Elgin Master Chorale's "A German Requiem" is Far More Joy than Sadness

All afternoon Sunday, the ECC Arts Center was humming with activity. The Elgin Youth Symphony Orchestra (EYSO) held an open house in conjunction with recitals by its Chamber Music Institute ensembles. The ECC Musical Theatre was holding dance auditions for their summer production of American Idiot. And the Elgin Master Chorale (EMC), the Elgin Symphony Orchestra (ESO) and the EMC Children's Chorus combined for a concert in Blizzard Theatre. 

It was a striking example of the depth of local participation in the Arts, as musicians of all ages toted in instruments, formally-dressed singers hurried backstage and patrons lined up for tickets and lingered by an exhibit of the history of Elgin's premier choir.

The main event was the reprise of Johannes Brahms' Ein deutsches Requiem ("A German Requiem"), marking seventy years since the Elgin Master Chorale was formed as the Elgin Choral Union, consisting of singers from local church choirs. The Choral Union's first performance in 1947 was Brahms' Requiem.

Welcoming remarks by EMC member Amy Cho struck the right note of informality in acknowledging Stu Ainsworth, perennial friend of the Arts and the event's key sponsor, and Ann Chipman, daughter of the EMC's founder, Dean Chipman. She also introduced the first act, the EMC Children's Chorus.

The Elgin Master Chorale Children's Chorus, conducted by Rebecca Narofsky.
They sounded like the Von Trapp singers in their renditions of five German songs (by Brahms) to open the program. Their 35-minute set included thirteen songs in all, displaying a wide range of technical skill in covering spirituals, theatrical scores and world music. Conductor Rebecca Narofsky has expanded their repertoire impressively in a short time and their discipline shows. Sharing the stage with the EMC and the ESO is a valuable experience for these young singers, and their co-appearances should help expand the audience.

More than 150 artists assembled after intermission for the German Requiem: nearly 100 singers arranged on risers in back of a 69-piece orchestra. So large was the combined ensemble that much of the audience was situated closer to the conductor than the choir.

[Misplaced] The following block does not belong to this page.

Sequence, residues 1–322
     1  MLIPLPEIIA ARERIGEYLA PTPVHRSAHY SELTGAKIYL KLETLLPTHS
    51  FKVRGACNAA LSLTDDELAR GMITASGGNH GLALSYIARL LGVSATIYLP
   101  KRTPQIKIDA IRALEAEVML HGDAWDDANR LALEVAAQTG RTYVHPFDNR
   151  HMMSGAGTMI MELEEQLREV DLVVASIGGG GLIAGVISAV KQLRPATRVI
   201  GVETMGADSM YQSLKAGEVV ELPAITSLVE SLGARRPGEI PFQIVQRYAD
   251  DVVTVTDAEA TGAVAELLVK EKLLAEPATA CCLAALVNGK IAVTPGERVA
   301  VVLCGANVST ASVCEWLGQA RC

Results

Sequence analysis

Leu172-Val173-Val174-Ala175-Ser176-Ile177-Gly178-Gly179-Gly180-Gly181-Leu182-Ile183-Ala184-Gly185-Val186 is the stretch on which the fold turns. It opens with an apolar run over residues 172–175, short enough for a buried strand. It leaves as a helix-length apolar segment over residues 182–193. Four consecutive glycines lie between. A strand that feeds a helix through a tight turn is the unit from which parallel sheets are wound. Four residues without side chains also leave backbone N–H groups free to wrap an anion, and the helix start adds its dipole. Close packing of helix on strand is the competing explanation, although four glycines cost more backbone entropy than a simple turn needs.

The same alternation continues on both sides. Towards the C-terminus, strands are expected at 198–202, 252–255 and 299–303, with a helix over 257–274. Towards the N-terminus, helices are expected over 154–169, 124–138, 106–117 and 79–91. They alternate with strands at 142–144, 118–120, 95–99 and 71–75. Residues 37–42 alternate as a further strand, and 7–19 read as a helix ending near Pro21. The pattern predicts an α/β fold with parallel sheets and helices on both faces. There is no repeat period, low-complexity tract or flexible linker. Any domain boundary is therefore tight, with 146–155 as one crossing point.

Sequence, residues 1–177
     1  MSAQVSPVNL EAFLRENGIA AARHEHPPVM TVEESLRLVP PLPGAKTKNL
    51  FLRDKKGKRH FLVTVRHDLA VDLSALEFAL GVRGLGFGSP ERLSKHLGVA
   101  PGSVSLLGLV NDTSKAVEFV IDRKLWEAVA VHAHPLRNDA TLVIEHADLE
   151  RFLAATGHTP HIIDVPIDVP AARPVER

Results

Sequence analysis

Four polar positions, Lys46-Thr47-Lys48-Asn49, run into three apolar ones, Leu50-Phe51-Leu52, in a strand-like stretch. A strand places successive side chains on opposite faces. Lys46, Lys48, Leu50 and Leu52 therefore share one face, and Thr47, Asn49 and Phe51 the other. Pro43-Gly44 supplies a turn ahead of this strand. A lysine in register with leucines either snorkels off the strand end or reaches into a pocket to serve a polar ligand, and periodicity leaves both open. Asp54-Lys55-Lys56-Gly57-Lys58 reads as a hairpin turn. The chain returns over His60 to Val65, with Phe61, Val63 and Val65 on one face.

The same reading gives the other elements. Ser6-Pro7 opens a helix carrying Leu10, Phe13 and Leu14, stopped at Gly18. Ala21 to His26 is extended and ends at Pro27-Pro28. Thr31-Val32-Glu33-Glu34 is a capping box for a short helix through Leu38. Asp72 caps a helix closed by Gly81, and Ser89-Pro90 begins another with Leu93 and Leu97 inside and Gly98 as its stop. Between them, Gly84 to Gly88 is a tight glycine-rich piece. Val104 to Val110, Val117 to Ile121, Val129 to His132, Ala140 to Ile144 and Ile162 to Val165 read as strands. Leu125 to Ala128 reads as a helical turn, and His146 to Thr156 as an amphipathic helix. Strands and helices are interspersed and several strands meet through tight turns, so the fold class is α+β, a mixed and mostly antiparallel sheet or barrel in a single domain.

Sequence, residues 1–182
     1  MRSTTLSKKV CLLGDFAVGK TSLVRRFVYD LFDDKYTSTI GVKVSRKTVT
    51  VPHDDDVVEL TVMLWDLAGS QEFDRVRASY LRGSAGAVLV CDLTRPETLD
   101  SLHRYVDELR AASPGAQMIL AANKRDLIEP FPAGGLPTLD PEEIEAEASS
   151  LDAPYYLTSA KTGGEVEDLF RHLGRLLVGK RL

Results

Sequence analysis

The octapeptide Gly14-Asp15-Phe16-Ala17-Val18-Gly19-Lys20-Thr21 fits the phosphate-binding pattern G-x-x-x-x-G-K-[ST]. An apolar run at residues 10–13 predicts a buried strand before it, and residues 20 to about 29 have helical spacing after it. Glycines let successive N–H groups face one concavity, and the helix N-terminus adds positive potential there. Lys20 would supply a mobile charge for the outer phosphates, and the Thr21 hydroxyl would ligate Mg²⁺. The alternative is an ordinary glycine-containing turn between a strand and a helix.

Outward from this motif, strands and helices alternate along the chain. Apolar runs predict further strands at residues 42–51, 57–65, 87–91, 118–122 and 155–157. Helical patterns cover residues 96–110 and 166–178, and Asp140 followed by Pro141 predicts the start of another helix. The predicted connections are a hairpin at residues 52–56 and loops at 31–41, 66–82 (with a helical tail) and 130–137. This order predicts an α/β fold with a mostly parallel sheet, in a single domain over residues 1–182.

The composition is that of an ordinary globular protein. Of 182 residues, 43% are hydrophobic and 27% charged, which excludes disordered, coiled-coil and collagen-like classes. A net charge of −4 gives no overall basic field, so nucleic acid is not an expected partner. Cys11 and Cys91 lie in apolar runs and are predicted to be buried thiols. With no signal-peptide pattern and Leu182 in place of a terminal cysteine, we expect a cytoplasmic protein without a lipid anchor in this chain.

Brahms' seven movements were assembled over a period of several years, as detailed in the excellent program notes, and their effects are different. The music excelled in the sixth movement with its programmatic drama, and especially the fifth, which featured the choir's exquisite soft background harmonies.

The Elgin Master Chorale performs Brahms' A German Requiem with the Elgin Symphony Orchestra,
conducted by EMC Music Director Andrew Lewis.
Careful preparation was apparent in the Chorale's mastery of dynamics and articulation, and the German lyrics were rarely hard to follow by carefully reading in the printed program. The accompaniment included many ESO guest musicians, whose work generally defied criticism. Bass-baritone David Govertsen and soprano Henriët Fourie Thompson gave praiseworthy solos that emphasized tone and technique in the chromatic melodies of Brahms' Romantic style. 

Bass-baritone David Govertsen and
Soprano Henriët Fourie Thompson.
EMC Music Director Andrew Lewis maintained confident control of his massive array of forces for the nearly 75 minutes of continuous music. The volume of sound was enormous at forte and above, and the spatially expansive vocals lent an atmospheric quality to the divine lyrics and metaphysical subject matter. Funerals are filled with complex emotions and contemplations of eternity, and there was far more joy than sadness in this performance.

In the Arts, the difference between amateur and professional can be hard to define. It's not necessarily a matter of excellence or even whether a fee is involved. The willingness of Elgin artists to work together under all sorts of arrangements, regardless of their status, means audiences can experience the finest theatre, music, visual and literary arts in a local venue for relatively little cost. Always among the best examples is this pairing of the Elgin Master Chorale and the Elgin Symphony Orchestra, whose concerts are not just amazing in their audacity of scale but also highly successful as art.

Hear the EMC and ESO join forces again May 6-7 at the Hemmens Cultural Center in Elgin, where they present Vaughn Williams' Serenade to Music as part of the "Voices of Spring" festival. For more information, go to www.elginsymphony.org or www.elginmasterchorale.org.

Monday, March 13, 2017

Elgin Youth Symphony Orchestra: Keeping Art Music Relevant

One could argue that the regenerative cutting edge of music has always been pushed by people under age thirty. As evidence, one might offer up the Elgin Youth Symphony Orchestra's March 12th concert, "By the Waters of Babylon: Music of Exile, Longing, and Home."

Integrating projected imagery, a folk revival era soundtrack, and a timely thematic agenda, this concert was more than just a student recital: it was a powerful statement about music as part of a holistic human experience of seeing, listening, feeling, thinking and creating.

A massive orchestra filled the stage and side loges of ECC's Blizzard Theatre to perform Verdi's "Va, pensiero" from Nabucco (1841), arranged for the EYSO by Artistic Director Randal Swiggum. A four-piece percussion ensemble performed groundbreaking "Double Music" (1941), written by a teenage John Cage and a very young Lou Harrison, who dared us to question the limits of musical language.